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Sun 17 May 2020 10:50 AM

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Exclusive: the cyberattacks that keep Eugene Kaspersky up at night

Kaspersky Lab founder and CEO Eugene Kaspersky said that there are possibly 'hundreds of thousands' of cyber criminals around the world

Exclusive: the cyberattacks that keep Eugene Kaspersky up at night

Kaspersky said that the impact of cyberattacks on infrastructure is potentially much more significant than the sorts of cybercrimes faced by corporations on a daily basis.

Cyberattacks on infrastructure such as those seen in the Middle East in the past are an emerging and worrying trend that countries and businesses will be increasingly forced to contend with, according to Eugene Kaspersky, the founder and CEO of IT security firm Kaspersky Lab.

In an exclusive interview with Arabian Business, Kaspersky said that the potential impact of cyberattacks on infrastructure is potentially much more significant than the sorts of cybercrimes faced by corporations on a daily basis.

“[Cyberattacks on companies] are bad. It’s really not good at all, but it’s possible to handle that. You can estimate your risk and you can estimate your damage,” he said.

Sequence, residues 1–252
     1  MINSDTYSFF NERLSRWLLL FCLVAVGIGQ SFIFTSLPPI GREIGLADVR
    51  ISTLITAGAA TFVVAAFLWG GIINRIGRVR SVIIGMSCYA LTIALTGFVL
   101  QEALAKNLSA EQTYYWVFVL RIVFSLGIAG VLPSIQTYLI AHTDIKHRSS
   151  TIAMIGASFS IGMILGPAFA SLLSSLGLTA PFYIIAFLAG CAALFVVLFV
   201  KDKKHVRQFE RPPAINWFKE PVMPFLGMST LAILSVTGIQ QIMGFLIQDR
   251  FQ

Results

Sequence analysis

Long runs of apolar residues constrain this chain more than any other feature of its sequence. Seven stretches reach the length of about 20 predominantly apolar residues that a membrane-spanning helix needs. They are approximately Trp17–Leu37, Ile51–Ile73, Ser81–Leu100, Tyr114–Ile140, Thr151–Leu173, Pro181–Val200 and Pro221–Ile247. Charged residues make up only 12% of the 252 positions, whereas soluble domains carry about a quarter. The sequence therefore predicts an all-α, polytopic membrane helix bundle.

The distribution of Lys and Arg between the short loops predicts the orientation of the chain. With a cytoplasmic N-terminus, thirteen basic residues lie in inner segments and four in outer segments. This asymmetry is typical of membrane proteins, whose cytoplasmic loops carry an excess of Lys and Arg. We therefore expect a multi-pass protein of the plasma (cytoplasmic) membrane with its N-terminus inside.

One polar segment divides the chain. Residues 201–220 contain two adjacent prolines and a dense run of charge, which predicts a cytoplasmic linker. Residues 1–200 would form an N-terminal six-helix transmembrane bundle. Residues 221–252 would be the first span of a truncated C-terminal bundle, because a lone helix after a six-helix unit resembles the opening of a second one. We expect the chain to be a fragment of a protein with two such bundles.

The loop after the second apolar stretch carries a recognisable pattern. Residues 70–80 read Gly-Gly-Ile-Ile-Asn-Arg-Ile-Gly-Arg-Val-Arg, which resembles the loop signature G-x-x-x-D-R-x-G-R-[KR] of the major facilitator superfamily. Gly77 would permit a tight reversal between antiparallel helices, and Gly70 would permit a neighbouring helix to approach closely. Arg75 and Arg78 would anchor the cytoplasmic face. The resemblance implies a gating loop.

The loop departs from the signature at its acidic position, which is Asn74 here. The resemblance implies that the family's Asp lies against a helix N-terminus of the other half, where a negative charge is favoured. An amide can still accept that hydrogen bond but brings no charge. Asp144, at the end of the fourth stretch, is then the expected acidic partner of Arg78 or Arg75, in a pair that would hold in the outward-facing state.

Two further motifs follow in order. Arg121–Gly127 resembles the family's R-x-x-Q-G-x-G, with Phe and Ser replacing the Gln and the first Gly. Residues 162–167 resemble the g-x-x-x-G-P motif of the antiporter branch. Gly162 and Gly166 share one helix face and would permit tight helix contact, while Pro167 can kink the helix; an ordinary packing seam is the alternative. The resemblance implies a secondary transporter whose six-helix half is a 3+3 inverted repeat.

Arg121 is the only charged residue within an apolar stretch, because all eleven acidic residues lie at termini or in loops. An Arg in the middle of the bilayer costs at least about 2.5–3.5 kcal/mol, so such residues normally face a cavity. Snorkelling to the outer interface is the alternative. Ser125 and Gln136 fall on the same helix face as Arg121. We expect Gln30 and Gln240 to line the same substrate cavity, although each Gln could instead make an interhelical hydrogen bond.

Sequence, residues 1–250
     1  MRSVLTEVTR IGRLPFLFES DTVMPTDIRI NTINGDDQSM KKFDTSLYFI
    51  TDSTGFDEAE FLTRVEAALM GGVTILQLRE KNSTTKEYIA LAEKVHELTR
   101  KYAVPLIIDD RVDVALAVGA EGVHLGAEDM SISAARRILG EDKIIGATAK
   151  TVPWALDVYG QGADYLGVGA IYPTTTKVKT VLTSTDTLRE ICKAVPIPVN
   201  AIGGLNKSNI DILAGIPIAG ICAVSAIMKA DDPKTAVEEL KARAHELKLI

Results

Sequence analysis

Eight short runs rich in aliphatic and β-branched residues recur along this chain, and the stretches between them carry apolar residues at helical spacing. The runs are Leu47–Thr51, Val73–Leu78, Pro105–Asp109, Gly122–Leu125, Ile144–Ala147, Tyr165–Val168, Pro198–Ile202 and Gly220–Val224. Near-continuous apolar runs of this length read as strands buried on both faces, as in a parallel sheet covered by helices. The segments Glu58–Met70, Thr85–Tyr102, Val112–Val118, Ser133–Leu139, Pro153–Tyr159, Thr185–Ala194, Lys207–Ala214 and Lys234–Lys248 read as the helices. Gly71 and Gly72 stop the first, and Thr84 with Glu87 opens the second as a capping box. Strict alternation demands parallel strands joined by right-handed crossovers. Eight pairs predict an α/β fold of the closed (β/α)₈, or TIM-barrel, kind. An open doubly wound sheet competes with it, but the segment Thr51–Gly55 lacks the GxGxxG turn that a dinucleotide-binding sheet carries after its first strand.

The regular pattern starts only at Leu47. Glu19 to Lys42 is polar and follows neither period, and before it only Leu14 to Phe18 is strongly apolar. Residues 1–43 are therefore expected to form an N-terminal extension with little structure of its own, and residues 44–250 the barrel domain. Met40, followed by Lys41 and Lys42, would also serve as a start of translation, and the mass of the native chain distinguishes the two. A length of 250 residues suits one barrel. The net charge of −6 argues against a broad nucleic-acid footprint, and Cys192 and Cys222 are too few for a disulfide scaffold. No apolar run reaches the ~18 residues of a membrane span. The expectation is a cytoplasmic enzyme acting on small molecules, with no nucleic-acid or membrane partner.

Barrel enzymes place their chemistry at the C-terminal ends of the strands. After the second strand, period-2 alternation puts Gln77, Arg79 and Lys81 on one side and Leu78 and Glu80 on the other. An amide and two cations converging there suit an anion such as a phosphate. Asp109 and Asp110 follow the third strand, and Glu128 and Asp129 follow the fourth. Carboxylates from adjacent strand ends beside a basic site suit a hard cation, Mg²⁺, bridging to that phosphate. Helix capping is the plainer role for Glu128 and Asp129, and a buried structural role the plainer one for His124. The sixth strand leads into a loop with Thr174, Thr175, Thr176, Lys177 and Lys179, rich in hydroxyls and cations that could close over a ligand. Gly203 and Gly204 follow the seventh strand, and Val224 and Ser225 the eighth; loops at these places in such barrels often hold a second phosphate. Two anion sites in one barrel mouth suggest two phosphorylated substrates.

“But if they hack industrial systems or infrastructure, including critical infrastructure, that’s a real problem,” Kaspersky added. “The damage is unpredictable. That’s the trend and the thing that keeps me up at night.”

Although relatively uncommon, cyberattacks on critical infrastructure have already taken place in the Arabian Gulf region.

In 2012, for example, oil giant Saudi Aramco suffered an attack on 30,000 computers, which the attack said was aimed at stopping the oil and gas output of the world’s biggest crude exporter. The incident is considered one of the most significant cyberattacks in history.

Since then, Aramco has come under repeated attacks. In February, the company’s chief information security officer said that there is “definitely” an increase in the number of attacks over 2019 and early 2020.

Kaspersky declined to say whether he believes other major incidents are likely in the near future.

“I can’t get into the details,” he said. “But yes, it’s possible.”

According to Kaspersky, the company detects 300,000 new unique malicious files unknown to researchers on a daily basis.

“That means there are thousands of people, tens of thousands, maybe hundreds of thousands of people involved in cybercrime,” he added.

Although he did not reveal how much of the cybercrime that his company detects is targeting the Middle East, he said that he considered it to be a “very unique, specific region when it comes to hacker activity”.

“It’s interesting and challenging,” he said. “This is one of our priorities.”

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